Courtney Moller

South African Native Finds her Calling in Radiation Therapy

A couple years after working in the marketing field, Courtney Moller began to feel unfulfilled. So, she turned to Carolinas HealthCare System and the Carolinas College of Health Sciences to pursue a career change.

Following some independent research into the radiation therapy field, Moller eventually shadowed radiation therapists at Levine Cancer Institute and fell in love with the profession.

“The name Carolinas HealthCare System always has been a mainstay in my family,” says Moller. “Our family came to Charlotte all the way from Cape Town, South Africa, in the 1990s so my half-brother could get rehabilitation for a traumatic brain injury. It is our hospital system of choice for a reason, and its partnership with Carolinas College of Health Sciences afforded me the opportunity to learn from the best.”

Get a world-class education

From her pathology classes to clinical, hands-on learning, Moller says her training created the strong foundation needed to build upon her career as a radiation therapist.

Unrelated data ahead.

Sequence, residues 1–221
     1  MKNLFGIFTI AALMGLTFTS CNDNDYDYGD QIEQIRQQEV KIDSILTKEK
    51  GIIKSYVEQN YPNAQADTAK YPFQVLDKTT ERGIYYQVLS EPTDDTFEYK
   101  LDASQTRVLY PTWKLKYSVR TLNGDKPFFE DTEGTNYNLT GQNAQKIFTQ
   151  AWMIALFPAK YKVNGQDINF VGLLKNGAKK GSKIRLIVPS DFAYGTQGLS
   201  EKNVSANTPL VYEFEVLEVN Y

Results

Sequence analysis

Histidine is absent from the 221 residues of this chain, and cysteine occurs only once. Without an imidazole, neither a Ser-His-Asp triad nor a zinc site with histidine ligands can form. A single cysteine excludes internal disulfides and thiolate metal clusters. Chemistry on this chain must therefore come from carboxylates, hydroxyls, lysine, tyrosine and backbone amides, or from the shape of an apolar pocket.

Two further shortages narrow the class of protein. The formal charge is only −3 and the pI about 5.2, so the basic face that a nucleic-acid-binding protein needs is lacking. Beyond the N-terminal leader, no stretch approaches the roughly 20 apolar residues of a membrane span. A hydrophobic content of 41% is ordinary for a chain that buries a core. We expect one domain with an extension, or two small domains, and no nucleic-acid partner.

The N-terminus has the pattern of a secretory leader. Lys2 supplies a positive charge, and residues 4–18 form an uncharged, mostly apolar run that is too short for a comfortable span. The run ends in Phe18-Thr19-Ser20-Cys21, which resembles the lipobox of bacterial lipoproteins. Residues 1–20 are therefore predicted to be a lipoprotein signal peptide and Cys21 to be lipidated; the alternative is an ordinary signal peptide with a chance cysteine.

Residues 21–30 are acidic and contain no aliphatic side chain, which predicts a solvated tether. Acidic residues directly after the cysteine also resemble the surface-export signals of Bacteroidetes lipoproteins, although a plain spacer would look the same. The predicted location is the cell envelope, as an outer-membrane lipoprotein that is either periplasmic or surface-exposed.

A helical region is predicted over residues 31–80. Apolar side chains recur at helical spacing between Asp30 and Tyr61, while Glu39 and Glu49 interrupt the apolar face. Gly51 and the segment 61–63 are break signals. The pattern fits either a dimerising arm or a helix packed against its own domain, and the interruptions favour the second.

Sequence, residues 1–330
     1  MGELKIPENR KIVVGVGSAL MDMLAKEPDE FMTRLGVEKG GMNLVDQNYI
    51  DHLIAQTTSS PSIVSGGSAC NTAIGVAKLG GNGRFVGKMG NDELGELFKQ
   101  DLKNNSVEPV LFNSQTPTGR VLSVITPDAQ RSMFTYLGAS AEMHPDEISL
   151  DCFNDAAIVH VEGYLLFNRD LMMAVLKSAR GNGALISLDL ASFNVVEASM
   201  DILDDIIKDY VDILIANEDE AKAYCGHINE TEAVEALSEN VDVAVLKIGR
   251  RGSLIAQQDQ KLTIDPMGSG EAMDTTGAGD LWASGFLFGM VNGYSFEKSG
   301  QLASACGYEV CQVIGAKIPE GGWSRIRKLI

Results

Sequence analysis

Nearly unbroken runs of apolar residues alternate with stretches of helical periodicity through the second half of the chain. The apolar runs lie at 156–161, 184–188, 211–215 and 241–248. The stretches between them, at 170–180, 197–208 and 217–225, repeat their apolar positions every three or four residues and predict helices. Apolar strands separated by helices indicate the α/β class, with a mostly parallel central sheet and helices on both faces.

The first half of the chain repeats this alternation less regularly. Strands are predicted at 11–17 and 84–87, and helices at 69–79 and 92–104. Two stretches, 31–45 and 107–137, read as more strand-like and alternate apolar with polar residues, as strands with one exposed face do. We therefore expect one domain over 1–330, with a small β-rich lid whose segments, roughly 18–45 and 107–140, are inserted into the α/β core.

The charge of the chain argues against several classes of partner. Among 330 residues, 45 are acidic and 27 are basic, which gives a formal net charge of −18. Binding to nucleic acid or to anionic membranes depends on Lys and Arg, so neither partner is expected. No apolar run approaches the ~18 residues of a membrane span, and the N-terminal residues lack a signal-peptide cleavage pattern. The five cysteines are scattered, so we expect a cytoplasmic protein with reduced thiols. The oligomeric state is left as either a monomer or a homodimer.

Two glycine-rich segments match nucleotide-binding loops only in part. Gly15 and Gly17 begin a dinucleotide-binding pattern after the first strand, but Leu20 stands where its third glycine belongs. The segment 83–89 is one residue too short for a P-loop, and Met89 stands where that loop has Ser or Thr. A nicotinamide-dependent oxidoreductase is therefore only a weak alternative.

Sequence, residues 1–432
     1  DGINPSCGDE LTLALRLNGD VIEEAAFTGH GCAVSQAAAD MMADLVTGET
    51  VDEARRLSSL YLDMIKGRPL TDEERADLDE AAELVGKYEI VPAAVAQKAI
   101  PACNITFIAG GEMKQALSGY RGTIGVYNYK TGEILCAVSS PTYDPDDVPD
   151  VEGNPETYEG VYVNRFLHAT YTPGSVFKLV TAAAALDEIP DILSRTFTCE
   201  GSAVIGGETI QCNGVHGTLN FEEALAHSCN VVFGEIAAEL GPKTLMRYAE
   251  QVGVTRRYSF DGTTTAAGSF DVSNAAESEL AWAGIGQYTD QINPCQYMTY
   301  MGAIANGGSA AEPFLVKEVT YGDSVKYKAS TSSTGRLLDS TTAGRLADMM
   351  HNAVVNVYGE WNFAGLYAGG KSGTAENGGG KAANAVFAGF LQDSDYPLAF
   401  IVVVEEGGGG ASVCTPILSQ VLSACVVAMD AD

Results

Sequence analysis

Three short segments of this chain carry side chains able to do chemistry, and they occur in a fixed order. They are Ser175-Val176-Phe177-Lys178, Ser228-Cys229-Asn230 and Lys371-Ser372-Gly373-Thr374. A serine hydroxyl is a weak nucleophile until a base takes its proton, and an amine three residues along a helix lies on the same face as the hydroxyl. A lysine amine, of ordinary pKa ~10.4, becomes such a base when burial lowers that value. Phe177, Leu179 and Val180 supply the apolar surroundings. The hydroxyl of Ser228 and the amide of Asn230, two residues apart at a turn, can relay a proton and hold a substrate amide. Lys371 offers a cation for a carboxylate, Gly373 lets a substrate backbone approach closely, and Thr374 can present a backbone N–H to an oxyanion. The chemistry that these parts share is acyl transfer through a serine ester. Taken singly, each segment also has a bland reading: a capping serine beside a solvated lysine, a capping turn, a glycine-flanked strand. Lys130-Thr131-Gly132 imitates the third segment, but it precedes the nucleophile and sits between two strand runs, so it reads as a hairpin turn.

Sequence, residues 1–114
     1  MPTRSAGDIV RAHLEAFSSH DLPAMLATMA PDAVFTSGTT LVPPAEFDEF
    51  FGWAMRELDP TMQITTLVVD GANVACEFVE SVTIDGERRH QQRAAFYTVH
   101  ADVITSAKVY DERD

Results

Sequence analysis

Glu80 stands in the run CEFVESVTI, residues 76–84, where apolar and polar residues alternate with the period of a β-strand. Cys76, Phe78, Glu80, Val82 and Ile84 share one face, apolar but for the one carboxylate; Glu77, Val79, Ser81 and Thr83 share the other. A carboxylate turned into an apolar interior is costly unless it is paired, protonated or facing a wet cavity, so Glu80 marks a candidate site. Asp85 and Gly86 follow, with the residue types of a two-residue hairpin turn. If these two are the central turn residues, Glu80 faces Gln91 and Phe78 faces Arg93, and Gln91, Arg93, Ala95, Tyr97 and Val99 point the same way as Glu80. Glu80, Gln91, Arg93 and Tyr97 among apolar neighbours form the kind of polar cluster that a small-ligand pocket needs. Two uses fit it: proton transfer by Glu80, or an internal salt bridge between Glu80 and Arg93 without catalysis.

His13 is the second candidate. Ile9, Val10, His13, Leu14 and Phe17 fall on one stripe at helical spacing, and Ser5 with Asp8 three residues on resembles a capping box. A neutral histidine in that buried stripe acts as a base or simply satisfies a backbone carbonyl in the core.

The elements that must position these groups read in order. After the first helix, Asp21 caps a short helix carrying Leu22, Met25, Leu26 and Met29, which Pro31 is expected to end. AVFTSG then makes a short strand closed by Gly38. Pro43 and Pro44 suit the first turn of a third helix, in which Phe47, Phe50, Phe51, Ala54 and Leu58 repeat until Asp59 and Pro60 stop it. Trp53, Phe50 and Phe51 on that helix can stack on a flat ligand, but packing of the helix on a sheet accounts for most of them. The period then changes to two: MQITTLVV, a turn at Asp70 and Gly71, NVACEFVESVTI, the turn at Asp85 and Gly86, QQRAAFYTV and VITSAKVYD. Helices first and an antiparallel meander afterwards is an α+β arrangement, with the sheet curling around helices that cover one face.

“The background I gained at Carolinas College of Health Sciences has been invaluable,” she says. “Providing quality healthcare within the scope of radiation therapy means balancing the compassion and care with the extremely meticulous and detailed work we do as therapists. My passion for what I do for my patients and their family day in and day out enables me to succeed.”

Moller completed the radiologic technology program at Carolinas College of Health Sciences in 2013 before earning a degree in radiation therapy from the University of North Carolina. Today, she lives in Durham, NC, and works as a radiation therapist within the Duke University Health System, where she delivers therapeutic radiation to patients with cancerous and non-cancerous lesions.

“I am proud to be working in such a prestigious cancer center, among world-class doctors – some of whom are the only oncologists ever to treat certain rare cases of cancers or skin conditions.”

There’s reason to be proud of Moller, too, however. She recently was published in the medical journal Radiation Therapist. Her article, “South Africa's Pathways in Higher Education for Radiation Therapy Practices,” was featured in the spring 2015 issue.

Words from the wise

Moller’s advice to students would be to network, explore and get involved in as many aspects of your chosen field of study.

“For something like radiologic technology, there are so many different areas of work,” she says. “The same concept can be applied for other areas, such as nursing. And networking is an important part of getting your name out there and meeting people in your industry. It sounds obvious and cliché, but it’s something some people tend to overlook.” 

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